And since this was no accident, it was all planned, I had the destination scoped. Portland is a city focused on the sea, and the New England coastline being never straight, provides all sorts of seascapes and opportunities for great runs. In Portland, an arm of the sea extends inland to a bay known as Back Cove, and the city has provided a fine path circling it and connecting to other routes as well. I’d never seen the route, but a little web surfing told me it was a promising option, easy to get to, and highly regarded. But my plan was nearly foiled when another call I had to take started and ran late, leaving me watching the clock, seeing my window before my next call getting smaller and smaller. At last we finished, at last, free to sneak in my run!

Small World Interruption – Not So Fast Department, or, you can’t go anywhere without being recognized somehow. I was eager to go, go, go! But first, I was stop, stop, stopped by Bob, the man parked in the next car over, who’d noticed my Appalachian Mountain Club window sticker and lobbied me a bit on his cause for protecting Maine’s North Woods. As an ardent hiker, environmentalist, and lover of national parks, I can’t fail to pass on the link to his editorial calling for a feasibility study for a new national park, but in fairness I must also point out that the AMC itself doesn’t (yet?) specifically endorse his view as policy. Perhaps they will. Meanwhile, you go, Bob!

At last! Free! Dashing counterclockwise from the parking lot at the south end of the cove, I figured I’d knock off the least attractive part – along the highway – first. Even that part was sweet. The trail hugs the water of the cove and is largely protected from the highway only a few feet away.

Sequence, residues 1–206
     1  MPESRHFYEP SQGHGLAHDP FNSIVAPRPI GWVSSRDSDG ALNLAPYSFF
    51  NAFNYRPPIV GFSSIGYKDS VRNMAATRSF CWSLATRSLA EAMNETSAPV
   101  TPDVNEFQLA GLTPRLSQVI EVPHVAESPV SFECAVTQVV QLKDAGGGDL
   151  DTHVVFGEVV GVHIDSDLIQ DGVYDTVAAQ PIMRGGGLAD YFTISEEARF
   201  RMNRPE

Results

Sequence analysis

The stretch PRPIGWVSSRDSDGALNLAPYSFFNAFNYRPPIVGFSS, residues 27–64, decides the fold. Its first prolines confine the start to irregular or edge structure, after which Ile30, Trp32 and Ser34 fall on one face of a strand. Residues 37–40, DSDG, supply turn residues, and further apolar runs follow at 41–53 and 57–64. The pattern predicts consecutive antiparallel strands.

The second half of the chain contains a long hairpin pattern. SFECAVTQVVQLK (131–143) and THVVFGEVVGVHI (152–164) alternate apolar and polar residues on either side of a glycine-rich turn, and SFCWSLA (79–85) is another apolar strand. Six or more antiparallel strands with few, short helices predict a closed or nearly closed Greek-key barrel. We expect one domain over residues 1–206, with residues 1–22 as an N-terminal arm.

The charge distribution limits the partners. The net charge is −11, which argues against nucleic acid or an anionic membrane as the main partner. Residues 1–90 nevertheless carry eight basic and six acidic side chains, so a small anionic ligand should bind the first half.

At the east edge of the cove, another trail departs for an out-and-back around the peninsula that forms downtown Portland. Once away from the dip under the highway and past the obligatory wastewater plant, this path winds through a strip park along the shore, past a tiny city beach, paralleling the tourist narrow gauge railroad before joining the downtown streets at the ferry terminal. Portland is, as I mentioned, a city of the sea, and from this path, the views of Casco Bay and the harbor islands and interesting bits like Fort Gorges, a civil war era emplacement, made up for the somewhat biting north wind off the water.

Returning to the main cove circuit, the trail takes a momentary rest from its peacefulness to cross Tukey’s Bridge on a pedestrian & cycle path separated from the interstate by a mere concrete barrier. The bridge portion of the trail is much maligned by local cyclists and is often overcrowded in the summer, but fully workable on a mid-day weekday in February, and quickly delivers you back to the Olmstead-designed cove path.

Since the path is marked every quarter mile, I couldn’t resist the fun of pushing a mile hard. While pounding out a 6:01, I raced past – who else? – Bob, who now has an advocate down south for his plan. I guess I was pretty easy to spot, but it was still fun to be recognized while on a run far from home. After that mile, I planned to slack back and finish the circuit, but there ahead of me was someone else moving at a hot clip, and, well, I just couldn’t resist that fun, either, so I hammered another one to catch him before finishing. Bonus! It made for a fine workout, on a fine trail – indeed, all in all far better than I’d expected.

A little sweaty on the ride home? Sure, but with nobody else in the car, just crank up that heat to about 80, and those sweat-induced post-run chills fade into the haze of another fine day on the road, brought to you by a little adventurous opportunism.

Grab it when you can.